If you’re using dnsmonster as a sniffer, and you’re not keeping up with the number of packets that are coming in, consider switching on afpacket by using the flag
--useAfpacket. Afpacket tends to drastically improve packet ingestion rate of dnsmonster. If you still having packet drop issues, increase
--afpacketBuffersizeMb to a higher value. the buffer size will take up more memory on startup, and will increase the startup time depending how much have you assigned to it.
In some tests, values above 4096MB tend to have negative impact on the overall performance of the daemon. If you’re using 4096MB of buffer size and still seeing performance issues, There’s a good chance the issue isn’t on the capture size, and more on the process and output side.
Proper Output and packet handlers
Simply put, if you have an output that can accept 1000 inserts per second, but you have an incoming packet rate of 10,000 packets per second, you’re going to see a lot of packet drops. The packet drop will get worse and worse as time goes by as well. When selecting an output, consider the capacity of your technology and what you expect to be ingested.
If you are seeing a considerable amount of packet loss which gets worse as time goes on, consider testing
--stdoutOutputType=1 and remove your current output, and redirect the output to
/dev/null. You can also tweak the number of workers converting the data to JSON to further experiment with it. Take the following example
dnsmonster --devName=lo --packetHandlerCount=16 --stdoutOutputType=1 --useAfpacket | pv --rate --line-mode > /dev/null
In above command, you can see the exact output line per second while maintaining a view on metrics and packet loss to see if your packet loss is still present. by default,
--stdoutOutputWorkerCount is set to 8. If you have a strong enough CPU, you can increase that amount to see what’s the max rate you can achieve. On a small server, you shouldn’t have a problem ingesting 500k packet per second.
Note that the
--packetHandlerCount is also set to 16 to make sure enough workers are ingesting packets coming in. That’s also an important parameter to tweak to achieve the optimum performance. The default,
2, might be too low for you if you have hundreds of thousands of packets per second on an interface.
Sampling and BPF-based split of traffic
Sometimes, the packets are simply too much to process.
dnsmonster offers a few options to deal with this problem.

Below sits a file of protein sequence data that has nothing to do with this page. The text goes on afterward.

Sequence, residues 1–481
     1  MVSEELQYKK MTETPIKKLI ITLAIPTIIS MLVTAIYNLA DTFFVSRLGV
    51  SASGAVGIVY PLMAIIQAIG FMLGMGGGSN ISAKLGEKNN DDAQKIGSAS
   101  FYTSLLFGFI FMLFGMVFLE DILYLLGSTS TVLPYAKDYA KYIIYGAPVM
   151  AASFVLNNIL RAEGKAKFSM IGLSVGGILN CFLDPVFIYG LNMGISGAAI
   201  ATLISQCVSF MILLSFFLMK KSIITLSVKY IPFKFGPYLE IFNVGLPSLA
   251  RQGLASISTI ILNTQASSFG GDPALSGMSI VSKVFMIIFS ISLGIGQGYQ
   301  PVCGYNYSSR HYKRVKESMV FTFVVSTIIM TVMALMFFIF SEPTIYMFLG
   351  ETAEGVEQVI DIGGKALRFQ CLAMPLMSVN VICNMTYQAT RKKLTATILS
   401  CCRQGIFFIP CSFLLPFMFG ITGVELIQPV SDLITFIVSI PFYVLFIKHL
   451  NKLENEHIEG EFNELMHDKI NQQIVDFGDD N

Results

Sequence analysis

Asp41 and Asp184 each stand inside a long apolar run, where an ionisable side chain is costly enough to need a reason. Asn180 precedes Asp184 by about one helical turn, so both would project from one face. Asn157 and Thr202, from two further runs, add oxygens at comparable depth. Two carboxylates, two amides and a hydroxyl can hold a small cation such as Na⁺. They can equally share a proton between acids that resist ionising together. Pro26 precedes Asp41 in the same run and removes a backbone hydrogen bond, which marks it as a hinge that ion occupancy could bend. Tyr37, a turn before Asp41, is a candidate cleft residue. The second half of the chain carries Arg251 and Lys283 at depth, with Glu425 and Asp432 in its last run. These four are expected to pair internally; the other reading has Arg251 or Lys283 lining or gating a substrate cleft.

--sampleRatio simply ignores packets by the defined ratio. default is
1:1, meaning for each incoming packet, one gets processed, aka 100%. you can tweak this number if your hardware isn’t capable of processing all the packets, or
dnsmonster has simply reached its limit.
For example, putting
2:7 as your sample ratio means for each 7 packets that come in, only the first two get processed.
If after testing all options you’ve reached the conclusion that
dnsmonster can not handle more than what you need it to do, please raise an issue about it, but also you can run multiple instances of
dnsmonster looking at the same traffic like so:
dnsmonster --devName=lo --stdoutOutputType=1 --filter="src portrange 1024-32000" dnsmonster --devName=lo --stdoutOutputType=1 --filter="src portrange 32001-65535"
The above processes will split the traffic between them based on the port range. Note that only high ports are included since majority of the clients use ports above 1024 to conduct a DNS query. you can change the filter based on any BPF that makes sense for your environment.
Profile CPU and Memory
To take a look at what exactly is using your CPU and RAM, take a look at the Golang profiler tools available through
--cpuprofile flags. to use them, issue the following
# profile CPU dnsmonster --devName=lo --stdoutOutputType=1 --cpuprofile=1 # you'll see something like this in the beginning of your logs # 2022/04/11 19:13:51 profile: cpu profiling enabled, /tmp/profile452510705/cpu.pprof # profile RAM dnsmonster --devName=lo --stdoutOutputType=1 --memprofile=1 # you'll see something like this in the beginning of your logs # 2022/04/11 19:15:00 profile: memory profiling enabled (rate 4096), /tmp/profile1290716652/mem.pprof
dnsmonster exits gracefully, you can use Go’s perf tools to open the generated
pprof file in a browser and dig deep into functions that are being bottleneck in the code. After installing
pprof, use it like below
~/go/bin/pprof -http 127.0.0.1:8882 /tmp/profile2392236212/mem.pprof
A browser session will automatically open with the performance metrics for your execution.